Individuals' human rights may have been breached in more than 500 cases where "do not resuscitate" decisions were made during the Covid pandemic, the care watchdog for England has said.
Some 508 'do not attempt resuscitation' (DNAR) decisions made since March 2020 were not agreed in discussion with the person or their family, a report found.
The Care Quality Commission is calling for improvements to care planning.
An NHS spokesman said decisions should be made in consultation with families.
The CQC has recommended that a ministerial oversight group be created to work with health and care providers, local government and the voluntary sector to deliver improvements.
It wants to see a consistent national approach to advance care planning, with staff training, accessible information for families and records of conversations and decisions agreed.
The findings come after the CQC was asked by the Department of Health and Social Care to conduct a rapid review of how DNAR decisions were used at the start of the coronavirus pandemic.
It followed concerns that decisions were being made without the involvement of patients or relatives, and that they were being applied in a blanket way to particular groups - to people with learning disabilities, for example.
An interim report published by the care watchdog in December found that doctors may have made "do not resuscitate" decisions on a blanket basis in the first wave of the pandemic.
An NHS spokesman said: "The NHS has repeatedly instructed local clinicians and services that the blanket DNA(CPR) decisions would be unacceptable - including on three separate occasions in less than a month at the start of the pandemic, and again last week - and that access to treatment and care for people should be and is made on an individual basis in consultation with family and carers."
DNAR orders refer to cardiopulmonary resuscitation (CPR).
In its latest report, the CQC said that a combination of "unprecedented pressure" on providers and "rapidly developing guidance" may have led to situations where DNAR decisions were incorrectly conflated with other clinical assessments.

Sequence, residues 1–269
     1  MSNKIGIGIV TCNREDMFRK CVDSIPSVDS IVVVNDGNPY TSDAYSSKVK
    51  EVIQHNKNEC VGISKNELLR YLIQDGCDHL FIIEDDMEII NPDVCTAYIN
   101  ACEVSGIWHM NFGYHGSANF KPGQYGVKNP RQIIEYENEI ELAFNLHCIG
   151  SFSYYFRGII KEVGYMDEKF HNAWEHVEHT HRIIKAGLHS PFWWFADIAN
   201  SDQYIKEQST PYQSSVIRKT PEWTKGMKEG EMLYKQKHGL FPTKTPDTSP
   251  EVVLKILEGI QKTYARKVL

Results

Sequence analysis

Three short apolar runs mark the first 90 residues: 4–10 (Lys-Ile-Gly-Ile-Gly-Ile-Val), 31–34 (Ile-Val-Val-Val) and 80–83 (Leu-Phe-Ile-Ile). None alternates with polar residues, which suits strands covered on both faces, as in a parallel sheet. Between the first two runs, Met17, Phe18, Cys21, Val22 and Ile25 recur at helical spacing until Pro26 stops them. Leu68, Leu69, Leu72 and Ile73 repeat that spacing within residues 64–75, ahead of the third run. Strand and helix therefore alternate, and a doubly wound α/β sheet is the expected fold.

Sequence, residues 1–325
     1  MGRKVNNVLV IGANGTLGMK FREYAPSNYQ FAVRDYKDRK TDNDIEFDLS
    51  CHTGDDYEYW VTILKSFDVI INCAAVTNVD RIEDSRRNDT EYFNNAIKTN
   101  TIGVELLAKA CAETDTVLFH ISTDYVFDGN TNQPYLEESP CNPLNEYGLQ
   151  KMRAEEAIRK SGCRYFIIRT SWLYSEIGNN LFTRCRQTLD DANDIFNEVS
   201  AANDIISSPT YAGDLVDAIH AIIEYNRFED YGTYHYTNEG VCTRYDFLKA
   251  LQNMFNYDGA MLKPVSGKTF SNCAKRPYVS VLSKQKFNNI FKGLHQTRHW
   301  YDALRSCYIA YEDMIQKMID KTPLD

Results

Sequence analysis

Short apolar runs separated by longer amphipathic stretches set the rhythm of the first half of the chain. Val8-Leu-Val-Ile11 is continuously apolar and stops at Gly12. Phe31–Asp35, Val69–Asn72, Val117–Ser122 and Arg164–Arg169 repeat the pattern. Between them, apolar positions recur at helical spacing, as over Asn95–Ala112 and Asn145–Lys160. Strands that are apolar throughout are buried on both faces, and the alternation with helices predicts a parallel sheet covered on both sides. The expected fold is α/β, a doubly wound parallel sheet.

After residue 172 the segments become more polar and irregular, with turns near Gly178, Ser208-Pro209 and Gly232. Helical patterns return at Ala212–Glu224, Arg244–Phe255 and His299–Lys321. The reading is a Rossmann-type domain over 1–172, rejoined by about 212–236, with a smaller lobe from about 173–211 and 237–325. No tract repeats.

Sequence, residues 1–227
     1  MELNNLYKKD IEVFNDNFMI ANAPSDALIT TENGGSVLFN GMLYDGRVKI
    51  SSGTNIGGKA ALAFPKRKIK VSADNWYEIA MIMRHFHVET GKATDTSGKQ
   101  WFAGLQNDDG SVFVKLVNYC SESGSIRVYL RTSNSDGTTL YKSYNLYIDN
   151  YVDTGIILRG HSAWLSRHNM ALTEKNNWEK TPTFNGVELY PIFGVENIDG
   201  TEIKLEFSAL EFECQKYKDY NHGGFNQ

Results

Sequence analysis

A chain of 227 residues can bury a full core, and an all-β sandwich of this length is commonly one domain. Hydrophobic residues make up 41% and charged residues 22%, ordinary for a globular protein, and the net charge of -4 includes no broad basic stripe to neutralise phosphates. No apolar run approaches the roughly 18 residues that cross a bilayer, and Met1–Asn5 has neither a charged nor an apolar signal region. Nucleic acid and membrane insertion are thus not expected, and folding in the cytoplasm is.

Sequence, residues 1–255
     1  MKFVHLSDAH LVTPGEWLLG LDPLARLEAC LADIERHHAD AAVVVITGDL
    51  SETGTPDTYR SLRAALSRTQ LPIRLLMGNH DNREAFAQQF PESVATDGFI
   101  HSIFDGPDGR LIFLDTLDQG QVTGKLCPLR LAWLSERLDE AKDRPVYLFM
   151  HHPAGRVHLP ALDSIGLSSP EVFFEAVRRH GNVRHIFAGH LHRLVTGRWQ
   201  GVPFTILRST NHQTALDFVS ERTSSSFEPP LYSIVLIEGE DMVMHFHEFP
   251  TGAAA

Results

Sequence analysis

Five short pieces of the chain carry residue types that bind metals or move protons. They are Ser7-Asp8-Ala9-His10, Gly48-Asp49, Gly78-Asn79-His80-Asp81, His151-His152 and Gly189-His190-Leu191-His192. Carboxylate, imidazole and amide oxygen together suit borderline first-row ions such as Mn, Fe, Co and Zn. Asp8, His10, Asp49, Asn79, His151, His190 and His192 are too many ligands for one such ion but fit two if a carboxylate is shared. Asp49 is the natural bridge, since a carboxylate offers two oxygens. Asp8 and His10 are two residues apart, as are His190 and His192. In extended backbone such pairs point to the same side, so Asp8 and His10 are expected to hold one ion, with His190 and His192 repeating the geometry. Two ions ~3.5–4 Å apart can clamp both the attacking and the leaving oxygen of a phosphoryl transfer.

There were examples of good practice but the regulator also found a "worrying picture" of poor involvement of people using services, poor record keeping, and a lack of oversight and scrutiny of the decisions being made.
However, it noted that the issues raised - such as the need for proper, consistent processes around timely conversations about people's care - pre-dated the pandemic.
The report includes evidence from seven Clinical Commissioning Groups (CCGs), responses from adult social care providers, a public survey and voluntary sector organisations.
Some 2,048 adult social care providers responded to the CQC, and said that 508 DNAR decisions made since 17 March 2020 had not been agreed in discussion with the person, their relative or carer.
Around a third (180) were still in place in December.
And, while responsibility for making DNAR decisions does not largely rest with adult social care providers, 119 providers said people in their care had been subject to blanket DNAR decisions since March 2020.
The CQC said the figures raised concerns about whether the providers making these decisions were at risk of breaching the Equality Act 2010.
Most providers of adult social care, and primary and secondary care, said they were not aware of inappropriate DNAR decisions.
But other stakeholders, service users, families and carers said blanket DNAR decisions had been proposed locally.
The regulator heard evidence that these decisions were "quickly challenged and retracted".
Rosie Benneyworth, chief inspector of Primary Medical Services and Integrated Care at the CQC, said: "It is vital we get this right and ensure better end-of-life care as a whole health and social care system, with health and social care providers, local government and the voluntary sector working together.
"Covid-19 has brought this to the fore but these are not new issues."
Age UK said the approach to advance care planning needed a "complete overhaul", with strengthened support for professionals and families with concerns.
It is also calling for a review so that any "hasty, ill-informed decisions" could be removed from older people's records.
Meanwhile, Dan Scorer, head of policy at the learning disability charity Mencap, said the review highlighted "the urgent need for better staff training and support to ensure the right of people with a learning disability, and their families, to be involved in decisions about care and treatment is upheld".